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Training Camp

5 things to know from Browns training camp, Day 1

The Browns opened training camp for the first time under head coach Hue Jackson on a hot and muggy Friday afternoon as scattered thunderstorms passed overhead.

"I thought it was a good overall first day, it wasn't a great first day, but overall, good first day," Jackson said. "But what I'm anticipating is our guys will come out tomorrow chomping at the bit to get after it in Day Two. We've got a long way to go, it's just the start, but I was excited about our guys' energy."

Without further ado, here's five things to know from Day One of training camp.

'I know he'll be ready'

Browns cornerback Joe Haden was confident he'll be ready for the team's opener against Philadelphia — and even perhaps earlier — as he nears the finish line in his recovery following ankle surgery in March.

"I've been working hard, I've been here the whole offseason and the training staff, we've been doing a really good job and we have a really good schedule and just getting better every day," he said."

Jackson said there's "no question" Haden will be ready for the Sept. 11 game.

"He's progressed really well … but we're going to the right thing and take our time because Joe is very valuable to our football team. He's one of the keys to us having an opportunity to win," he said.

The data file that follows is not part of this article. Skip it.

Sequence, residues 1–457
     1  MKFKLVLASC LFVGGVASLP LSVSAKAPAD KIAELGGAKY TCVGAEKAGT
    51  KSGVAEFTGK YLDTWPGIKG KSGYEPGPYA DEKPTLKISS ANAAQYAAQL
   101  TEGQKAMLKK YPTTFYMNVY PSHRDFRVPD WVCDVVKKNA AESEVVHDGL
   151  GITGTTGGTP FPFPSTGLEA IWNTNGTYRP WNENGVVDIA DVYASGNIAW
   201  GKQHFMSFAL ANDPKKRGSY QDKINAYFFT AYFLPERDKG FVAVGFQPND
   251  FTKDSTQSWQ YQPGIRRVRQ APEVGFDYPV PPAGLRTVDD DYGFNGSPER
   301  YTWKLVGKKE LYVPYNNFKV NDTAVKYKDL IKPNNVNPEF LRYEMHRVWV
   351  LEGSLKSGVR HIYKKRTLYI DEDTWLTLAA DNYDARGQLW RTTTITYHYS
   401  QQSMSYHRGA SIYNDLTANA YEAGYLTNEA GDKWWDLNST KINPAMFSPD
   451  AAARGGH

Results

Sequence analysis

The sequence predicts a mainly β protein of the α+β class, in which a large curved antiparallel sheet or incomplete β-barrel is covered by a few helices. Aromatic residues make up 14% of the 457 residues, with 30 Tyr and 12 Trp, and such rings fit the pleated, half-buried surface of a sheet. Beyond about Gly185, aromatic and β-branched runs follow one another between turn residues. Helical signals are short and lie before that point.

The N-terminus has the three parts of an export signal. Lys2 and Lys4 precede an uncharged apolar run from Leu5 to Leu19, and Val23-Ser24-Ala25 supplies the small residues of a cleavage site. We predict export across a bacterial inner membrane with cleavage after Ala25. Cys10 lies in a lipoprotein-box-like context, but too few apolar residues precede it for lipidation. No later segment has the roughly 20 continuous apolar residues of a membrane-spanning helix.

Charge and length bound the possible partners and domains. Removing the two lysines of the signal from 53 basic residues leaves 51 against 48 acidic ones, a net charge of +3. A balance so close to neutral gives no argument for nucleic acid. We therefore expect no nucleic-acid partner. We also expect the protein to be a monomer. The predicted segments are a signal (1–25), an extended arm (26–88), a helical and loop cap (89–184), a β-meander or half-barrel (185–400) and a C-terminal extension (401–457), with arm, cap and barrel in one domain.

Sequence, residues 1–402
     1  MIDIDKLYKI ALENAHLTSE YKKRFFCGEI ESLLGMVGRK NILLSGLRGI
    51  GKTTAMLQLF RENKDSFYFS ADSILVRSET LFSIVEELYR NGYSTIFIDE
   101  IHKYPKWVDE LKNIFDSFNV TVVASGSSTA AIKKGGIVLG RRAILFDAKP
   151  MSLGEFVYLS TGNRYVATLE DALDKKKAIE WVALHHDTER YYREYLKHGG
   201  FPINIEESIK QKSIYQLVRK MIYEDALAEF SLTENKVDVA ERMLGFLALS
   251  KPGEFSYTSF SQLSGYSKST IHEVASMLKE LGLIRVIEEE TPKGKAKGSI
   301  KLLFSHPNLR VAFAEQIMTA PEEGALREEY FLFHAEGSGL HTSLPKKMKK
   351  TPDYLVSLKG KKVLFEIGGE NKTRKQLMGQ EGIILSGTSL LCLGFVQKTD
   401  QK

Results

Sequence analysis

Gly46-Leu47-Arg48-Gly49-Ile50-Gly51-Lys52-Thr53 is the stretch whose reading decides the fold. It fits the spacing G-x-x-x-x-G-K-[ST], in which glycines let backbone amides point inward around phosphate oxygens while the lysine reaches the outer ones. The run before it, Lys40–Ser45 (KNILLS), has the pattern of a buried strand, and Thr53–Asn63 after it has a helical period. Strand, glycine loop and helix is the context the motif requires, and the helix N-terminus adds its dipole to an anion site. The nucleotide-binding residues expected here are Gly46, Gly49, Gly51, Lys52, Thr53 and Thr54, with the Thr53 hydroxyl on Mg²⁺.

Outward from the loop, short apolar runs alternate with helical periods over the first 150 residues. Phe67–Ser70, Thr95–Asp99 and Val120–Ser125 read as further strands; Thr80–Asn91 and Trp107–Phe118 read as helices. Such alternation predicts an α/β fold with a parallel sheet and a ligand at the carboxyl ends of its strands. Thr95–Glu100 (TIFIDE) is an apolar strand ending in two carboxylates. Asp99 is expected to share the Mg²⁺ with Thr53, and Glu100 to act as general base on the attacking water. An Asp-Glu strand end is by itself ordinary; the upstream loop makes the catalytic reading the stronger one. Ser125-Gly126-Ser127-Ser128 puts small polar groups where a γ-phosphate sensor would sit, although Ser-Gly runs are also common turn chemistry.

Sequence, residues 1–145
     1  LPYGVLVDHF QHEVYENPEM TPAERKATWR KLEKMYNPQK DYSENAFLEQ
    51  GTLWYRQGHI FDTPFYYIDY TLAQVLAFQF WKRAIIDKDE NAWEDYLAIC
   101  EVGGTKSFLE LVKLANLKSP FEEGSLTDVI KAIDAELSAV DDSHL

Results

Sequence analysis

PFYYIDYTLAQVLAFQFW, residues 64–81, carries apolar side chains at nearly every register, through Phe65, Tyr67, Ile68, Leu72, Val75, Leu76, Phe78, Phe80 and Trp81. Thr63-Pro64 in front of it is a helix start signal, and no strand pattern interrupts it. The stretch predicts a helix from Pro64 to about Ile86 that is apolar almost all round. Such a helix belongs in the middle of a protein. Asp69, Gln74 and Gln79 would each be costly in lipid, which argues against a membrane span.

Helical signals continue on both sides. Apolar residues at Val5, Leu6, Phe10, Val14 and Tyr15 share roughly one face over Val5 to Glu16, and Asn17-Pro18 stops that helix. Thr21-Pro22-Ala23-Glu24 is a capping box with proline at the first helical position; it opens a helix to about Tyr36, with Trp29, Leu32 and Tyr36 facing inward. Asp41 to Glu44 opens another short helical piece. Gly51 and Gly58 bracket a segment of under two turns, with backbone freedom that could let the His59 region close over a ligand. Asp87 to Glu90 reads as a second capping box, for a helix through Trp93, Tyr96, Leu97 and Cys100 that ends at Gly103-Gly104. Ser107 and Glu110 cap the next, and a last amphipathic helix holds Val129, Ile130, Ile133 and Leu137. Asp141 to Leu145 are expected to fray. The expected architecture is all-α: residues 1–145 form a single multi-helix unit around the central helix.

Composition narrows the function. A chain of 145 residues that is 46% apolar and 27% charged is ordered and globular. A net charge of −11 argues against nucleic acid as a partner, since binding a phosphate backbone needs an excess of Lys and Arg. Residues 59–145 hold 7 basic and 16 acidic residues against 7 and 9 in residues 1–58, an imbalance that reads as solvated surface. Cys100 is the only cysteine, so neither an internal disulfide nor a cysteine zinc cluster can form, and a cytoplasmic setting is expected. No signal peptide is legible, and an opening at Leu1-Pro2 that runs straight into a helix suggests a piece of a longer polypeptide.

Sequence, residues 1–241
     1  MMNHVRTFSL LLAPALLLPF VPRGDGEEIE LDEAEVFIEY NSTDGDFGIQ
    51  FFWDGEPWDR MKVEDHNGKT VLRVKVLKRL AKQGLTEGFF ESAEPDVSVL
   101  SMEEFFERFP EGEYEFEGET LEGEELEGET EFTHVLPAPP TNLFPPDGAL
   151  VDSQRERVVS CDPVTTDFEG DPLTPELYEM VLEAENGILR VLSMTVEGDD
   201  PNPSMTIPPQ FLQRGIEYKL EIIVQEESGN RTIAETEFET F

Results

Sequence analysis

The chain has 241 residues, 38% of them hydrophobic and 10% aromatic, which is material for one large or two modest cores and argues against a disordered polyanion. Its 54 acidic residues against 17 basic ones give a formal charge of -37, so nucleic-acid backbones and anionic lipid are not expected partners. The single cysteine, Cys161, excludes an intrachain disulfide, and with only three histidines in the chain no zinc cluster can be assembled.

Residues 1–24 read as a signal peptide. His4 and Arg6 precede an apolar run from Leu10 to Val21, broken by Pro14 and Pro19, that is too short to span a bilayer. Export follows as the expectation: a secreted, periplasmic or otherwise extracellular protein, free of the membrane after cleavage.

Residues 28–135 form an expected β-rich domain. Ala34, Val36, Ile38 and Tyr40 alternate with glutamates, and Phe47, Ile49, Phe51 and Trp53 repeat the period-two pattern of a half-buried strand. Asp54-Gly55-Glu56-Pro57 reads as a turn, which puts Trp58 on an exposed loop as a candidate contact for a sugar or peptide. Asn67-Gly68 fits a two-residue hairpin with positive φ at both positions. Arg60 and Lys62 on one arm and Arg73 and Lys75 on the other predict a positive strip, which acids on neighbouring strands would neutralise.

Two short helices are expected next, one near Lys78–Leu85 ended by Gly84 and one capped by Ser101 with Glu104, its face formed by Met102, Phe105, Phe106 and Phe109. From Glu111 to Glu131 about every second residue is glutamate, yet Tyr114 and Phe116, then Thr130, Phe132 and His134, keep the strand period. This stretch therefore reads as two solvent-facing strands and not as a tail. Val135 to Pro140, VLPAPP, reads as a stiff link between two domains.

"He'll have an opportunity, hopefully, in the preseason to play but I know for a fact that he'll be out there getting ready to play in the opening game."

Kessler's first training camp

As the Browns continue to evaluate their options at quarterback before naming a starter, rookie Cody Kessler spent the offseason with his head buried in the playbook.

"It was work. I got after it. I went back to California and trained out there. Just stuck in my playbook, was throwing five or six times a week, was doing everything I could to kind of get a head start on fall camp," he said. "I've never had a training camp before so I wanted to come in as prepared as I possibly could be."

Kessler, who was drafted in the third round this spring, is part of a quarterbacks room that includes Robert Griffin III, Josh McCown and Austin Davis. Before taking the field Friday, he spoke to reporters about what he expected out of his first training camp practice, saying he can be a perfectionist and needs to understand the transition to the league is a "learning process."